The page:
Due to start Fall 2016, this new program makes it possible for students to balance work, family and college. 

The convenience of evening classes makes Adelphi Manhattan the ideal choice for part-time students who are prepared to pursue a bachelor’s degree in Nursing. 

This part-time Bachelor of Science program at Adelphi's Manhattan Center combines the study of nursing theory, research, clinical practice and community service. Dedicated to the highest professional standards, this program instills an appreciation for cultural diversity and an understanding of the various applications of healthcare in a wide range of settings. 

This program emphasizes the nurse’s role in health promotion, long-term care, research, advocacy, teaching and leadership management. The basic nursing curriculum consists of a planned progression of courses that build upon previous knowledge and develop skills at increasing levels of competence. The lower-division nursing and the science courses are prerequisite to the junior-level nursing courses. Throughout the curriculum, concepts relating to the promotion of health, care during illness, and long-term care are developed. Also emphasized are the nurse’s roles in research, advocacy, teaching, change and management.

The part-time undergraduate nursing program enables students who have completed the prerequisite courses to earn their B.S. in Nursing in 8 terms (3 falls, 3 springs, and 2 summers) of part-time study.

For more details about the program, contact Irene Auteri Ferguson, director of nursing at Manhattan Center, at 212.965.8340, ext. 8366 or

Monday, April 4, 2016

Celebrating National Public Health Week at Adelphi University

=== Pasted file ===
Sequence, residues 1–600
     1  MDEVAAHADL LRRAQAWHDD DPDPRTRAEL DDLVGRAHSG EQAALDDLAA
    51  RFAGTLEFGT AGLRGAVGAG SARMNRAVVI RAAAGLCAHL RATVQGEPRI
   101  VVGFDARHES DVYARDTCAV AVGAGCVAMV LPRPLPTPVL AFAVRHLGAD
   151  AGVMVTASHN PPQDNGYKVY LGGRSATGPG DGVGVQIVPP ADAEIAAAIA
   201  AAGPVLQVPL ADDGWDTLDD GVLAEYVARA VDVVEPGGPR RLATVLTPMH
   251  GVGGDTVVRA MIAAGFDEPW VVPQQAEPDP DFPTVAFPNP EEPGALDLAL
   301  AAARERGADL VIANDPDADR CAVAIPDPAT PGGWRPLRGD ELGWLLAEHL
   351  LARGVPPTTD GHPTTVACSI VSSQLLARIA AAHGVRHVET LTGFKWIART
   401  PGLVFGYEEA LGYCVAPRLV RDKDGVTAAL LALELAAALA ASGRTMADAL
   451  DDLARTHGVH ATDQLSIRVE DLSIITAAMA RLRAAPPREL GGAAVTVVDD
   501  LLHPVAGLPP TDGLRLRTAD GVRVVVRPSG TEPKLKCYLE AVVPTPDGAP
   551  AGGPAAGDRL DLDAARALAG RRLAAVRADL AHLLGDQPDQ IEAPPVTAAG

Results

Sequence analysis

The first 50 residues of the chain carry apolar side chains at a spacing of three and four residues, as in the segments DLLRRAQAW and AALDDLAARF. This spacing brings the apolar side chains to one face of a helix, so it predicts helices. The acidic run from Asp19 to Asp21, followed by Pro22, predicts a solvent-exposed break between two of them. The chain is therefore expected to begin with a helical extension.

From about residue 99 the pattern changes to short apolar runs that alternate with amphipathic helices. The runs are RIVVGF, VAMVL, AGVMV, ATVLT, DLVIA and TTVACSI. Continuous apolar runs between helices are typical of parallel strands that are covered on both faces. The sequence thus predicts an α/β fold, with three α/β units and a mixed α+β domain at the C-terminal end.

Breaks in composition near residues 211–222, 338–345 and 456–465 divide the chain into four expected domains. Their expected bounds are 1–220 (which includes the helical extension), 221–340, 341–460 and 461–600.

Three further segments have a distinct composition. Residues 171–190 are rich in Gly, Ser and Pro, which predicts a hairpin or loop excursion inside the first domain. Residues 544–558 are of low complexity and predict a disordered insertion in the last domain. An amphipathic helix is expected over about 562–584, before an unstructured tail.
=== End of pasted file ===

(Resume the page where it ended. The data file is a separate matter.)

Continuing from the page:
Adelphi University will recognize National Public Health Week, April 4-10, 2016, with numerous events to promote awareness of a variety of health issues and celebrate those individuals working to improve and build healthy communities.
Center for Health Innovation is proud to host its inaugural TEDxAdelphiUniversity featuring presenters who will collectively suggest ways we can improve ourselves, our communities, and our society. On Tuesday, April 5, from 9:00 a.m. to 2:30 p.m., a stellar line-up of nine speakers will deliver TEDx Talks on topics of vital importance around the theme of “What If…” Presenters include Francine Conway, Ph.D. ’99, Jennifer Krol ’17, and Adelphi University President Christine M. Riordan, Ph.D., among others. To get more information, follow at and We will be live tweeting and streaming from the event.
 The Adelphi community will gather on Wednesday, April 6, from 11:00 a.m. to 2:00 p.m. for a fun day of learning and interactive activities in the Center for Recreation and Sports for the largest AUHealth Fair to date. More than 70 vendors will participate and more than 15 student research poster presentations will highlight the day. In addition, the Rollin Colon will be available to tour and a grand prize raffle will be held with giveaways including an iPad Mini and an Apple Watch.
Students, faculty, health care professionals, community members and anyone interested in the American health care crisis are welcome to attend “Place Matters—Is Inequality Making Us Sick?” on Thursday, April 7, in the Campbell Lounge. The free event hosted by the College of Nursing and Public Health will feature a video documentary about neighborhood and health and a panel discussion including Dr. Tonya Samuel, Dr. Todd Vanidestine, and Dr. Pilar Martin, as moderator. Light refreshments will also be served.
To close out the week, nearly 800 will walk and camp overnight starting Friday, April 8 for Adelphi’s Relay for Life 2016, a fundraiser sponsored by the Center for Student Involvement and Campus Recreation to support the American Cancer Society. The objective of Relay for Life is to raise money for cancer research and cancer patients, as well as spread cancer awareness, celebrate the lives of survivors, remember those who lost their lives to cancer, and unite a community in the fight against cancer. Join teams of students camp out in the Center for Recreation and Sports from 6:00 p.m. on Friday until 6:00 a.m. on Saturday. Food, games and activities will provide entertainment and build community. The Adelphi community is encouraged to sign up and donate.